Complaints to international bodies
The international route should only be pursued if the domestic route is not available or has been unsuccessful. Having said this, the international route can help to highlight and document the human-rights situation domestically and is therefore useful in creating pressure at the national level. While the majority of international fora are committees rather than courts, their views and opinions have political and moral value and can be an effective lobbying tool, even if they are not legally binding.
Usually, anyone can bring a complaint to an international body, as long as they live in a state which has ratified the treaty, the treaty body has the recognised competence to deal with complaints, and there are no reservations that prevent the committee from considering the particular case. There are two main types of international court or committee which may hear a case related to the violation of the right to education – those established by UN treaties, and those established by human rights treaties. There are also two political routes - through the Commission on Human Rights and the Commission on the Status of Women - which focus on systemic violations and may be brought against any country in the world. The third option is the World Bank and IMF inspection panels.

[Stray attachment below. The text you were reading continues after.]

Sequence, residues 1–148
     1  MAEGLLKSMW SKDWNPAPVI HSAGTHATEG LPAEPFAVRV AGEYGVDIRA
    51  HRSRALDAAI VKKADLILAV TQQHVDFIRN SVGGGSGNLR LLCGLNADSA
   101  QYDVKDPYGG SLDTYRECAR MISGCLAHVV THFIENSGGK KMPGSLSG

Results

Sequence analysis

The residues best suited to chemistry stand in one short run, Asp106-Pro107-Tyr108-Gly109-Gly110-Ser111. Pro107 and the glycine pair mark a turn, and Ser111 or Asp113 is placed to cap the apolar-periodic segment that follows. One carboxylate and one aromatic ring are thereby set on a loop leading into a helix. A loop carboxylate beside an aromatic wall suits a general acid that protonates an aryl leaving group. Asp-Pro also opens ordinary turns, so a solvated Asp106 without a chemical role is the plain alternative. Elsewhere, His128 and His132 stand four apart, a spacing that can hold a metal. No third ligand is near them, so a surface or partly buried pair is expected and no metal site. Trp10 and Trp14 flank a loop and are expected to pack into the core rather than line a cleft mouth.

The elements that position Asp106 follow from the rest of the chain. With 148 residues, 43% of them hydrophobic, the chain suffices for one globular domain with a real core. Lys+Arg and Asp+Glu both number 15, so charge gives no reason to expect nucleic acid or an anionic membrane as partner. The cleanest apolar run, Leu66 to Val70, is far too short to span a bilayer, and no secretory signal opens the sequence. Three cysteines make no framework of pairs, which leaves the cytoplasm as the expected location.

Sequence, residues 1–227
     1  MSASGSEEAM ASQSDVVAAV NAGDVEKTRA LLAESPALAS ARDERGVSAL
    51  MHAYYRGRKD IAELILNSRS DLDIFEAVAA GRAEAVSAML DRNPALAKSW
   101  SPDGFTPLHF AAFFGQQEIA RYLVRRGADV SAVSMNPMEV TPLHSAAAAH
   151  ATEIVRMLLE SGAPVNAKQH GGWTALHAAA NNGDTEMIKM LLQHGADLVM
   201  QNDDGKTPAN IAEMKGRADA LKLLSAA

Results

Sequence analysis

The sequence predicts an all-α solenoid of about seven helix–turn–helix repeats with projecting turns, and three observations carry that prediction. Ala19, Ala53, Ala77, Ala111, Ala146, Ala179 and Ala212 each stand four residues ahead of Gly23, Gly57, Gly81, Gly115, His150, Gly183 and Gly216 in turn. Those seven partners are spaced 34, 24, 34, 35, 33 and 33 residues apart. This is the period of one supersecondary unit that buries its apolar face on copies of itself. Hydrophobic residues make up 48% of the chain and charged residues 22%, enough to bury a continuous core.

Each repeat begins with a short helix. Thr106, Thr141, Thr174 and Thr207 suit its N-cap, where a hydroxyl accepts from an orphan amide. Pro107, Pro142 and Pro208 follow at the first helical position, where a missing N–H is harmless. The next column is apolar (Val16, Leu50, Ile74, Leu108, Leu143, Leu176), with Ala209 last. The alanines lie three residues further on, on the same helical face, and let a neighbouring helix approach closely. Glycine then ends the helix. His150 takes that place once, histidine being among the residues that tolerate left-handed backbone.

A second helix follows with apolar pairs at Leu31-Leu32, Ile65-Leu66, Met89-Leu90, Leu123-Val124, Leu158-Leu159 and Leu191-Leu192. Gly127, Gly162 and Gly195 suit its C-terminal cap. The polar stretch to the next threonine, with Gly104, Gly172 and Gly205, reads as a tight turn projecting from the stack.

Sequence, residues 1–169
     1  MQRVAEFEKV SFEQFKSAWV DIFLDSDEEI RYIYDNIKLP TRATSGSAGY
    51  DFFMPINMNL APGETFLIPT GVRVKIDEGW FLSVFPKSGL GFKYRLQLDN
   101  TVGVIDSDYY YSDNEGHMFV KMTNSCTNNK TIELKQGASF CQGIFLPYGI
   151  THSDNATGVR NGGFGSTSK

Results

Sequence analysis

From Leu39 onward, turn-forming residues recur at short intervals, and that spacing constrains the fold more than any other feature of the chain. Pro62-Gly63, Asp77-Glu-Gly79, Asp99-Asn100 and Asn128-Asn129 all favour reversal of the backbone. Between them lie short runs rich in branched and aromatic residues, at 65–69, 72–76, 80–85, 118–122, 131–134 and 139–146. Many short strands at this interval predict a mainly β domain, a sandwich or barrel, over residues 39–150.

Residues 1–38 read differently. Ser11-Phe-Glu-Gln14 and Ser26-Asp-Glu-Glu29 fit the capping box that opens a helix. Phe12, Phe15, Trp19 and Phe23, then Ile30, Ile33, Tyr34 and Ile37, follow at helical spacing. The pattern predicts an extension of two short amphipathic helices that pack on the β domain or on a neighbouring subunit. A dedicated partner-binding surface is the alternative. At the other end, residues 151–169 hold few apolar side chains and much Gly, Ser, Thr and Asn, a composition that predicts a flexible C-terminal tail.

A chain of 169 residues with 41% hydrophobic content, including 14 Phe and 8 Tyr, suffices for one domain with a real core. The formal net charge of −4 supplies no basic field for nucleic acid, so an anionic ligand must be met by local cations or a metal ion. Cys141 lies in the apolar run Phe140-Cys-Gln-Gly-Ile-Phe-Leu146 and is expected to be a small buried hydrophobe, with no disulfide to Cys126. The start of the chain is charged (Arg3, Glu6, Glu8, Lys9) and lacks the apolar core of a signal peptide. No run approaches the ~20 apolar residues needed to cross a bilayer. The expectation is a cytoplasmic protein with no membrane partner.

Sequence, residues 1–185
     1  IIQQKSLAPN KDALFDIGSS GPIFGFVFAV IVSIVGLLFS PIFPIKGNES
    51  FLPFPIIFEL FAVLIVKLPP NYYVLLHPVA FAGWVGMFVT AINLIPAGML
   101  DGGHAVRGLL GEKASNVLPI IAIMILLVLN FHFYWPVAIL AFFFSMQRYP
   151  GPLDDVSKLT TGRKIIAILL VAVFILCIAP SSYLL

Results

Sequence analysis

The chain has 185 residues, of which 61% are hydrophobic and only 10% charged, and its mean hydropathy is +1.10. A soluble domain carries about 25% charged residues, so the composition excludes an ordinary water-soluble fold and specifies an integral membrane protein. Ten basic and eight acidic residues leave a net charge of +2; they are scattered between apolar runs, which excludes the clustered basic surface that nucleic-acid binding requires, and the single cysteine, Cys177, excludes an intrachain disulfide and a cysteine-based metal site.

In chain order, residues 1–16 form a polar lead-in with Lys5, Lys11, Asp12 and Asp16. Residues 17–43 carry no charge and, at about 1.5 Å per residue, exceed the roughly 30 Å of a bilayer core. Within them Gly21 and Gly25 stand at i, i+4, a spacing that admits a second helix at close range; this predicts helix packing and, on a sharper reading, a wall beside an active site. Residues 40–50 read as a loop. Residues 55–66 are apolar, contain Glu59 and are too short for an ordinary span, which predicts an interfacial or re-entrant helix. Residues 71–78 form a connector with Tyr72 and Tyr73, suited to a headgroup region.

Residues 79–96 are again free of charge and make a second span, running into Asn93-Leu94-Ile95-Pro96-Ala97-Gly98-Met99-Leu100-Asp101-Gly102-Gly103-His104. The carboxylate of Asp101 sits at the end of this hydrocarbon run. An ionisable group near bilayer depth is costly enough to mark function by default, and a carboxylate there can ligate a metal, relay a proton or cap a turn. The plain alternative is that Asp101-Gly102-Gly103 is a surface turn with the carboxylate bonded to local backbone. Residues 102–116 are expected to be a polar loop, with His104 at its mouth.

Each type of complaint has its own process to follow. For example the three UN bodies which accept individual complaints, CEDAW, ICERD and ICCPR, have the following process, which typically takes between two and three years to complete:
Submission of a complaint to the secretary general, who brings it to the attention of the relevant treaty body.
The body registers and examines the complaint, considering whether it is admissible, and whether there has been a violation.
The State is then required to respond, and the complainant (the person or body that submitted the complaint) can reply to the State’s response.
The body then issues its views. If a violation is found the State will be expected to provide compensation and/or change the law.
There is no appeals process.
The process of preparing a case is very similar to that of a domestic case, and the relevant law and case reference documents should be examined carefully.
In the case of the Commission on Human Rights, the initial stages of the process are similar. However, once the government has responded, the process is private. You will not receive information about the government response or be informed of any further progress of the complaint. This means it is much harder to follow up any action.